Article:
Remains of Kansas priest who died in Korean War identified

Remains of Kansas priest who died in Korean War identified

U.S. Army chaplain Father Emil Joseph Kapaun, who died May 23, 1951, in a North Korean prisoner of war camp, is pictured celebrating Mass from the hood of a jeep Oct. 7, 1950, in South Korea. He is a candidate for sainthood. (Credit: CNS photo/courtesy U.S. Army medic Raymond Skeehan.)

The remains of a Kansas priest who is being considered for sainthood by the Catholic Church for his ministry during the Korean War have been identified, U.S. military officials said.

WICHITA, Kansas — The remains of a Kansas priest who is being considered for sainthood by the Catholic Church for his ministry during the Korean War have been identified, U.S. military officials said.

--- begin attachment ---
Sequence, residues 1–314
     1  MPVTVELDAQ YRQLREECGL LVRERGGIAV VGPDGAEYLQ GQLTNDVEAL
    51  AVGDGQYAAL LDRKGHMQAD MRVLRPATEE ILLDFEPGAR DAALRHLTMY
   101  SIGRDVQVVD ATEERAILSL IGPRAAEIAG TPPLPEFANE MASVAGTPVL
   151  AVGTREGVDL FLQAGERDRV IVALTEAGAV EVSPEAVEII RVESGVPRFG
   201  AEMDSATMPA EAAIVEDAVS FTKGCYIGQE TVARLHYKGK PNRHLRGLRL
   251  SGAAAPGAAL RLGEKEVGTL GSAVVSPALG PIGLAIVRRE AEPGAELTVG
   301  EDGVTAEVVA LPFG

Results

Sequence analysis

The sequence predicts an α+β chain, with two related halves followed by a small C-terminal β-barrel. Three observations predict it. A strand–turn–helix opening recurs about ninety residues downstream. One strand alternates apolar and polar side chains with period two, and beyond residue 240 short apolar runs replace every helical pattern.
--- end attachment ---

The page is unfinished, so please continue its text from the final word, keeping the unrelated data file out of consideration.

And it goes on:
Father Emil Kapaun, of Pilsen, Kansas, died on May 23, 1951, as a prisoner of war during the Korean War. The Defense POW/MIA Accounting Agency of the Defense Department said his remains were identified Tuesday.

Kapaun was an army chaplain in World War II and the Korean War. He was captured on Nov. 2, 1950, near Unsan, North Korea, while tending to soldiers. He continued to minister to fellow prisoners until he died of pneumonia, the Defense Department said.

Kapaun was awarded the Presidential Medal of Honor in 2013. In 1993, Pope John Paul II declared Kapaun a Servant of God, the first step toward sainthood.

“I am glad that his family has finally been granted closure after Father Kapaun’s selfless service to our nation,” Sen. Jerry Moran said in a statement Friday.

The Catholic Diocese of Wichita has promoted Kapuan’s qualifications for sainthood for years.

“It was a a joyful and exciting surprise for the Diocese of Wichita that Father Kapaun’s mortal remains were recovered after so many years and we continue to look forward to his process of canonization in the future,” Bishop Carl A. Kemme said in a statement Friday.

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